Running roughly east-west, the NCNST traverses the flat, fertile Red River Valley, the “beach ridges” of the former glacial Lake Agassiz, tall grass prairie on the 77,000 acre Sheyenne National Grasslands (SNG), cattle pastures, sand hills, oak savannas, Sheyenne River bottomlands, mixed oak-aspen-birch forests, and rare plant communities.
One unique 8 mile segment of the NCNST follows the right-of-way of a working railroad, while other segments cross the woods and fields of 19th century farms. The SNG portion of the trail is open to foot traffic, bicycles, and horses. In addition to the remoteness and natural and historic features of the Dakota Prairie trail segment, a hike here provides an excellent view of modern large-scale agricultural practices.
The Gateway to the Dakotas: around Abercrombie (1.7 miles one way; easy)
This 1.5 mile urban section of the NCNST runs between Fort Abercrombie State Historic Site and Richland County 81, passing by a town park where water, toilets and camping are available, through another town park along an old rail bed, and through a private park and across an old highway bridge northwest of town. In town the trail is marked with blue stickers on white plates fastened to utility poles and street signs. The Abercrombie trailhead, which is also the eastern terminus of the NCNST in North Dakota, is in the parking lot of the Fort Abercrombie Historic Site. The friendly town of Abercrombie has various services of interest to hikers including a Post Office, a store, a café/saloon, gas station, etc.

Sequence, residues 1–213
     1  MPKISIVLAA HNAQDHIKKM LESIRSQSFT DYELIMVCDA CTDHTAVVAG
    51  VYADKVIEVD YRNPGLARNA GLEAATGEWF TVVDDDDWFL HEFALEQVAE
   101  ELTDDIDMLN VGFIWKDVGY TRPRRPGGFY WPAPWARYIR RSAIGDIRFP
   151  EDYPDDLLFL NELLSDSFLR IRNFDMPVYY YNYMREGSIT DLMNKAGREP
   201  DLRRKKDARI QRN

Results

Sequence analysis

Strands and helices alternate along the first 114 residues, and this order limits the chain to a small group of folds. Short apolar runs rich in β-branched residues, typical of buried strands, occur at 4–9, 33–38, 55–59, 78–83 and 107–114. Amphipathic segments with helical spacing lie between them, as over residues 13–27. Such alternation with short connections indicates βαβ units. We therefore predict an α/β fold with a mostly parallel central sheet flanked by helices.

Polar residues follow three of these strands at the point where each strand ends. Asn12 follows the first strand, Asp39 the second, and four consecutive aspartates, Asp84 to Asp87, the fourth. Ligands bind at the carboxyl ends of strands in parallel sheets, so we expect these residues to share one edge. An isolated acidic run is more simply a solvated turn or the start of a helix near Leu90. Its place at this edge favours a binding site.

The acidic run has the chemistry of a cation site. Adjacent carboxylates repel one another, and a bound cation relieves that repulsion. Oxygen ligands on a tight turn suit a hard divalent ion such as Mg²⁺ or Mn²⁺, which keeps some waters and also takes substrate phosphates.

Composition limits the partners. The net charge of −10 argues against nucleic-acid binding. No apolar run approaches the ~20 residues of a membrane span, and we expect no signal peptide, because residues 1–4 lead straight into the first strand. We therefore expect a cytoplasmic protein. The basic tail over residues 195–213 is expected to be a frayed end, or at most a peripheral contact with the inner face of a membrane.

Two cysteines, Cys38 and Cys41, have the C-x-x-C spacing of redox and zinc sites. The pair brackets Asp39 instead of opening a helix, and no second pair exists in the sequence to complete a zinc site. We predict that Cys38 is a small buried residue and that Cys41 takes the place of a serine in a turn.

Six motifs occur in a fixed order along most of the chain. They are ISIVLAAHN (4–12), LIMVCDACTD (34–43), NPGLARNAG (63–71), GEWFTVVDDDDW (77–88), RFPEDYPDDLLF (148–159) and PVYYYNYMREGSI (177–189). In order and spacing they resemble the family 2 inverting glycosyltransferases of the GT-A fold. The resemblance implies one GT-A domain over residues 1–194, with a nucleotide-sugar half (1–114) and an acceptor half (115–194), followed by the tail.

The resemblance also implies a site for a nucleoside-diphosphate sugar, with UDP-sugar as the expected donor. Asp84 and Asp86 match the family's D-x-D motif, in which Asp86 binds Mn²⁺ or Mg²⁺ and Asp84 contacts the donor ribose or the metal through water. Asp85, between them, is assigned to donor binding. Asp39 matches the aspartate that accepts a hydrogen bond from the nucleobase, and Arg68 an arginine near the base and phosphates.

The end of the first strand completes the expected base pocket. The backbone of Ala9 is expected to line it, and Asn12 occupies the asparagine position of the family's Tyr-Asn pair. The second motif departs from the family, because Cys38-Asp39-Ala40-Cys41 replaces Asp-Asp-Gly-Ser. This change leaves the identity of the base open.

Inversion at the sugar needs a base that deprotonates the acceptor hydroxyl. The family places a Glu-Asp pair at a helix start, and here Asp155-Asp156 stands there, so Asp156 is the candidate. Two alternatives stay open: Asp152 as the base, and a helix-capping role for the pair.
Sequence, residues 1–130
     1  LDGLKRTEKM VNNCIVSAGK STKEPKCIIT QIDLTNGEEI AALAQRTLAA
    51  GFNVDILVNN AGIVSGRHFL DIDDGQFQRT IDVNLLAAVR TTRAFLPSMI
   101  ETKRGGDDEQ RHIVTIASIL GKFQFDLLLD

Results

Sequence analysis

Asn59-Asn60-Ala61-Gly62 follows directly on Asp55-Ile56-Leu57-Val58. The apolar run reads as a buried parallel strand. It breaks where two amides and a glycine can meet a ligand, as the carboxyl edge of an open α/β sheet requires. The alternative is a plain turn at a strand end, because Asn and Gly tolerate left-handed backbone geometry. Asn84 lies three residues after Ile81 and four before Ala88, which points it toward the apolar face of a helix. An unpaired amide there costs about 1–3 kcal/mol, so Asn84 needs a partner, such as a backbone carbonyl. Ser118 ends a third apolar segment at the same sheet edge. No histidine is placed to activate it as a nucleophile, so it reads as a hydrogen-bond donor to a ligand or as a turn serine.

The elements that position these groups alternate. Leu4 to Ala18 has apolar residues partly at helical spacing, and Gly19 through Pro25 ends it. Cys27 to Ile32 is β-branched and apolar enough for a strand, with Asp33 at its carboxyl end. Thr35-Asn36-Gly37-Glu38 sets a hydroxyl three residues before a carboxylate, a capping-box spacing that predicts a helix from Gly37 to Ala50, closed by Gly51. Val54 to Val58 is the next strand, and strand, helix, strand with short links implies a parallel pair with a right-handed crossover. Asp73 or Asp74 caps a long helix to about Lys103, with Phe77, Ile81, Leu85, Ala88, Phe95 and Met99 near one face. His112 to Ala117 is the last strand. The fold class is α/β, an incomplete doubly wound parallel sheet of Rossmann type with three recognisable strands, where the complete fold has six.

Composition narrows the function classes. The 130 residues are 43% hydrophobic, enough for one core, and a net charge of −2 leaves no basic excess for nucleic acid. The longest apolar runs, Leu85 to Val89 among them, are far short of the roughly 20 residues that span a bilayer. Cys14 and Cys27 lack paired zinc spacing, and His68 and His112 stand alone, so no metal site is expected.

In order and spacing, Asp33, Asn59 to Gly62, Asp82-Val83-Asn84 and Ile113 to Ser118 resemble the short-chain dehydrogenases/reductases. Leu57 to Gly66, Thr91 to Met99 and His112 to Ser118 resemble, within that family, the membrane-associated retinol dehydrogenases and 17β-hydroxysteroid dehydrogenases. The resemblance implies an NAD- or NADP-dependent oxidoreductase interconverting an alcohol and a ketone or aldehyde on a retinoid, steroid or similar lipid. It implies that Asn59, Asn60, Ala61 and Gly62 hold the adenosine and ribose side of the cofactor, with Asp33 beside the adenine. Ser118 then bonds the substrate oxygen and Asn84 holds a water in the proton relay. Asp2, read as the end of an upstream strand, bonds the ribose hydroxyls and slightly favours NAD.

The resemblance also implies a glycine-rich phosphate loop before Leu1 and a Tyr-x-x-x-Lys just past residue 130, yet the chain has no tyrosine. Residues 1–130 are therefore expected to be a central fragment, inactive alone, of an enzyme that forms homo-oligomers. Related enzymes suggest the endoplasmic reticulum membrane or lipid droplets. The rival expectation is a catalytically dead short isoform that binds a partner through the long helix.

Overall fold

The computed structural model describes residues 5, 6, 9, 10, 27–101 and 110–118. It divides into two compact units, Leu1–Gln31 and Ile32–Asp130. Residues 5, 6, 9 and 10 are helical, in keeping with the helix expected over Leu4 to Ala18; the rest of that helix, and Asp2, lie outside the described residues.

The Monarch Way: between Colfax and Walcott (6.5 miles one way; easy-moderate)
The NCNST here is built on the right-of-way of the Red River Valley & Western Railroad between two small, rural towns. The flat trail wanders under old telegraph poles emblazoned with NCNST blue blazes. Impressive puncheons, one 300’ long, cross wet areas. Pheasants, hawks, song birds, deer, Monarch butterflies, coyote and gopher diggings, and many types of native prairie plants are natural features of this section. Both Walcott and Colfax have a variety of services for visitors. A tent campsite (without water) is available about ¾ of a mile north of Colfax. Tent camping is also possible in the Walcott city park. In Colfax, the trail runs north through town from County Road 4 on streets marked with blue blazes on white plates; parking is available at the Richland 44 school. The Walcott trailhead is located on the south side of Main Ave. west of the RRV&W crossing.
Railroad and Section Lines (9 miles one way; easy-moderate)